Courtesy of Lumber Liquidators
Industry guidelines regarding home owner or installer responsibilities, as set forth by the National Oak Flooring Manufacturers Association (NOFMA) National Wood Flooring Association (NWFA)
These guidelines are provided so you can get the most from your flooring project. Before your flooring is even delivered the job site, several things should be considered to determine if it's ready for installation.
Job site conditions
Acclimation; Wood flooring is a dynamic, hygroscopic material. Like a sponge, its shape can change as a result of environmental temperature and humidity changes. Because of this, it is in your best interest to ensure that the flooring installed be climate controlled with temperatures of 50° to 80° F, preferably 65° to 75° F. humidity of 30% to 55% preferably 45% maintained. When wood is correctly acclimated to these values it becomes relatively dormant, neither growing nor shrinking. The HVAC ventilation system must be fully operational; the rooms should not be closed off from normal air flow. Also if the flooring was shipped with protective plastic wrap, open the ends of the container exposing it to air flow. Wood, laminates and cork flooring should NEVER be stored directly on bare concrete substrates or stored in garages or out buildings without climate control, as the boards can absorb some moisture and be edge cupped right in the box. Really the point of acclimating wood flooring before installation is to condition the material to "normal living conditions" that the floor will experience once the structure is occupied, thereby protecting it against "shock". It does no good at all - in fact, it is likely harmful - to store or work with wood flooring at the job site under poor environmental conditions that do not accurately reflect the outlined acclimation values.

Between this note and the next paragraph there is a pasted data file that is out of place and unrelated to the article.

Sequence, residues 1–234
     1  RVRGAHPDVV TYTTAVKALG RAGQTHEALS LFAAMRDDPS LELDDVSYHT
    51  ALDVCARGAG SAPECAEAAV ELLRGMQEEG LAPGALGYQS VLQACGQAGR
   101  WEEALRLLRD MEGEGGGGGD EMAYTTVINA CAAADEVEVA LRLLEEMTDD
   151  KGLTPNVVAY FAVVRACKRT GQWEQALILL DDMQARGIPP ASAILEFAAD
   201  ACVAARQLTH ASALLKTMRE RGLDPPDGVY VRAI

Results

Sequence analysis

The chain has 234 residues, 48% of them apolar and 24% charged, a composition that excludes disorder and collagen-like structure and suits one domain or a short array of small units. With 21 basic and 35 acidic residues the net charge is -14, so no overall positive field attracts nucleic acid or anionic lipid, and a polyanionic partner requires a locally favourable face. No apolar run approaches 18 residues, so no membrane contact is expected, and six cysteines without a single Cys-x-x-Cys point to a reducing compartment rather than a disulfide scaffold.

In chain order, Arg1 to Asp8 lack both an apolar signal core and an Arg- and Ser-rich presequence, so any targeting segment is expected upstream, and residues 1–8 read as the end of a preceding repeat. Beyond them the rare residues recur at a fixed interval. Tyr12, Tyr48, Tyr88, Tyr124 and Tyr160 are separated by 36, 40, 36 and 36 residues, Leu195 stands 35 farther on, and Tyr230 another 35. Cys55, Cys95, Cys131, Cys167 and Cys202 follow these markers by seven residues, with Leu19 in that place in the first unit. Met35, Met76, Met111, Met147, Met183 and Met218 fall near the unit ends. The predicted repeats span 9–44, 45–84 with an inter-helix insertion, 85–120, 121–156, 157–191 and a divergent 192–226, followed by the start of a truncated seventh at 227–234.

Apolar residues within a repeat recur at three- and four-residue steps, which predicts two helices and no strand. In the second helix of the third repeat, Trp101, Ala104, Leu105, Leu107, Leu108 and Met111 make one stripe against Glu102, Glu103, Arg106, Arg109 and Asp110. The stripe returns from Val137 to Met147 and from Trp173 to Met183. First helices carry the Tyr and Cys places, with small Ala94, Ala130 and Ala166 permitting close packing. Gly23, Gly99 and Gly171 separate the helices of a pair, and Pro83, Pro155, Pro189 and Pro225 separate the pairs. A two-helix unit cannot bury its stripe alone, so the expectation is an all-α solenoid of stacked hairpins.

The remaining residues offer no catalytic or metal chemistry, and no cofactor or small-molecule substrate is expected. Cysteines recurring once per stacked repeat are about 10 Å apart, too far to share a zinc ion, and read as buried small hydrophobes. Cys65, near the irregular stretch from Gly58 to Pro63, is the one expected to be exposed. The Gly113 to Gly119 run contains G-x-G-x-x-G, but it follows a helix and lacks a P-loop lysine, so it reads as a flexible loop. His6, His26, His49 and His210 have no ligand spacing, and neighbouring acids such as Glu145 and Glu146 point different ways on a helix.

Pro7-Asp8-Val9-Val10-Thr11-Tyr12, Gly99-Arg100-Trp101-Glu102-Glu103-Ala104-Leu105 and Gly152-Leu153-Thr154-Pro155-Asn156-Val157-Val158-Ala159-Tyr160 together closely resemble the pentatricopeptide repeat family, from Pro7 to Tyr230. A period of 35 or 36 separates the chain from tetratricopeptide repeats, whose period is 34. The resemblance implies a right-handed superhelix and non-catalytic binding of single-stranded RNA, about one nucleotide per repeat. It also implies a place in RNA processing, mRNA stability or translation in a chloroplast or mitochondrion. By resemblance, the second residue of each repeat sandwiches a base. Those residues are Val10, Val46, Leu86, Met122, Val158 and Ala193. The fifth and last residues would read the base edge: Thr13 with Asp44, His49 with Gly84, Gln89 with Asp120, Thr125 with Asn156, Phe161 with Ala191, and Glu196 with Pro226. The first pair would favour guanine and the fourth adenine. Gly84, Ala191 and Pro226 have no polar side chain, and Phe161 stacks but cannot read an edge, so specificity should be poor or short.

Moisture testing and acclimation go hand-in-hand. Only when the correct moisture values of the flooring and that of the subflooring has been verified and new flooring has been properly acclimated is the flooring ready for installation. With these values in mind the installation could actually take place the day of delivery or several days later. In addition depending on the species, oily or dense exotics may require as much as one to two weeks of in-home monitored acclimation before installation.